CD40 ligand blockade induces CD4+ T cell tolerance and linked suppression.
Honey K., Cobbold SP., Waldmann H.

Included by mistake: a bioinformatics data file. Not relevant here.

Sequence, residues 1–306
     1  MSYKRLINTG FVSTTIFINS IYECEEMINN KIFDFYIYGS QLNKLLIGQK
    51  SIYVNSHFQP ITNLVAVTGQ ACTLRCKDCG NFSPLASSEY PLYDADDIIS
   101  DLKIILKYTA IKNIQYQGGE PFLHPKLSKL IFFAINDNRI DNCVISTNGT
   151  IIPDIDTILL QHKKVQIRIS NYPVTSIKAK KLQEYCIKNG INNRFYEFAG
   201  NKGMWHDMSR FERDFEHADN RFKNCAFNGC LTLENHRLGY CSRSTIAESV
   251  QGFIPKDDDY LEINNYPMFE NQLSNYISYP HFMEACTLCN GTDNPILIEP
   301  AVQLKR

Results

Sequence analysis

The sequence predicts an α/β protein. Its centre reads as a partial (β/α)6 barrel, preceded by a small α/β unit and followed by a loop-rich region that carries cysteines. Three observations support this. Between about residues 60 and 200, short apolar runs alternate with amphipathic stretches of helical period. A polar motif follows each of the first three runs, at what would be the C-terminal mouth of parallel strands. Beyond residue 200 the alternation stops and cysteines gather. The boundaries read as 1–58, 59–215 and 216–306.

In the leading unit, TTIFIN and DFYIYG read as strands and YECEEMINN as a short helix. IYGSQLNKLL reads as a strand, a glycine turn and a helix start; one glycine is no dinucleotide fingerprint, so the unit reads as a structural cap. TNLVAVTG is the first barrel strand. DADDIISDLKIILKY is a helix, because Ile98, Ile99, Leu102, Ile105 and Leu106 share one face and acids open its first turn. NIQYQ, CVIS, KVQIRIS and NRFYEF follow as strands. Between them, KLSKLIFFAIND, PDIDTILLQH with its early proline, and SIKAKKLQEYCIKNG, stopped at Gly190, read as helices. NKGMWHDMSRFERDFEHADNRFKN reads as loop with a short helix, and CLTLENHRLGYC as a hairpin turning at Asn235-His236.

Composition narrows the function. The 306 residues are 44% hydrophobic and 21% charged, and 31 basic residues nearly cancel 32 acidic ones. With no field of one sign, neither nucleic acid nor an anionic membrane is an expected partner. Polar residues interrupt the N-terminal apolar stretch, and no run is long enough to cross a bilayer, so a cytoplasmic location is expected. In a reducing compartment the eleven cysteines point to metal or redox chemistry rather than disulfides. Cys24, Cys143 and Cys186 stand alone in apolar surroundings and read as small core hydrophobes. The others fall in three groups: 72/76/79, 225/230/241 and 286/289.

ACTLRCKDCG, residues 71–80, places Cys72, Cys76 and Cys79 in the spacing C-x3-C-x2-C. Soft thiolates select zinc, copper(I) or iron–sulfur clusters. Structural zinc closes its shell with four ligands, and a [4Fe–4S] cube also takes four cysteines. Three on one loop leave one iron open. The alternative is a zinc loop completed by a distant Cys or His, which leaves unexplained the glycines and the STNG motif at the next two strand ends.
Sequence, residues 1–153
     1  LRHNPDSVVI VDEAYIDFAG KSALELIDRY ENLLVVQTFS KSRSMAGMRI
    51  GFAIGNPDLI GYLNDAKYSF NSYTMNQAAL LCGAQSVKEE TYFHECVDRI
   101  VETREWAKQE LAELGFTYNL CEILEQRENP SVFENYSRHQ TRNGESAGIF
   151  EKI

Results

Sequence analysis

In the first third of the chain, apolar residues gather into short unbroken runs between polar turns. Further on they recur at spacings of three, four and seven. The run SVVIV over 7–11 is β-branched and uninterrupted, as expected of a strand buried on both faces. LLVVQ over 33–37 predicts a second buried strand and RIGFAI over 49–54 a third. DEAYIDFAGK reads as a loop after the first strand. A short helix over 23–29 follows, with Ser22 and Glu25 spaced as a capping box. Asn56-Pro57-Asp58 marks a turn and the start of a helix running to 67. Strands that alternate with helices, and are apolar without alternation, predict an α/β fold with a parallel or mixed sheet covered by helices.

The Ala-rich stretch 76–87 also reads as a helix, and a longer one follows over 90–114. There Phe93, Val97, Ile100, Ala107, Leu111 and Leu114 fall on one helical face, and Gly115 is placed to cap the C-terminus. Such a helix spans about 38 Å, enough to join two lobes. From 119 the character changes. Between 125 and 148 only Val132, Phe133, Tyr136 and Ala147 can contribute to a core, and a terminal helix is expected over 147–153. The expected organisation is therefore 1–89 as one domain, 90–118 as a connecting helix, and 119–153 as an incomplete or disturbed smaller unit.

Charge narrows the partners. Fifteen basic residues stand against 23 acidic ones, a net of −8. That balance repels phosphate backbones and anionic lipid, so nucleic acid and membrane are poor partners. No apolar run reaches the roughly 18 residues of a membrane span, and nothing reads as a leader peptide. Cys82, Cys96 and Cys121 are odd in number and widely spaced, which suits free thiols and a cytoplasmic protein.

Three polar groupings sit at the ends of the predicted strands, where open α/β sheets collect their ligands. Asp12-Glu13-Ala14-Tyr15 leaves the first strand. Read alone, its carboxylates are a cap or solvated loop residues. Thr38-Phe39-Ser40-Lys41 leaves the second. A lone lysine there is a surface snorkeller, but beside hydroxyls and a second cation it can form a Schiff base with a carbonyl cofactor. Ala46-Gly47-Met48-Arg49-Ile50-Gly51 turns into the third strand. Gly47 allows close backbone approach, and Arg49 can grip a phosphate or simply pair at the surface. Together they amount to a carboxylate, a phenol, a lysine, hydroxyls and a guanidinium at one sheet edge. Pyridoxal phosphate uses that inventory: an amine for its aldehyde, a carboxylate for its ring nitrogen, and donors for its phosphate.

The CD40-CD40 ligand (CD40L) interaction is a key event in the initiation of an adaptive immune response, and as such the therapeutic value of CD40L blockade has been studied in many experimental models of tissue transplantation and autoimmune disease. In rodents, transplantation of allogeneic tissues under the cover of anti-CD40L Abs has resulted in prolonged graft survival but not tolerance. In this report, we show that failure to induce tolerance probably results from the inability of anti-CD40L Abs to prevent graft rejection elicited by the CD8+ T cell subset. When the CD8+ T cell population is controlled independently, using anti-CD8 Abs, then tolerance is possible. Transplantation tolerance induced by anti-CD4 mAbs can often be associated with dominant regulation, manifested as infectious tolerance and linked suppression, both of which are mediated by CD4+ T cells. We show here that CD4+ T cells rendered tolerant using anti-CD40L therapy exhibit the same regulatory property of linked suppression, as demonstrated by their ability to accept grafts expressing third party Ags only if they are expressed in conjunction with the tolerated Ags. This observation of linked suppression reveals a hitherto undocumented consequence of CD40L blockade that suggests the tolerant state is maintained by a dominant regulatory mechanism. Our results suggest that, although anti-CD40L Abs are attractive clinical immunotherapeutic agents, additional therapies to control aggressive CD8+ T cell responses may be required.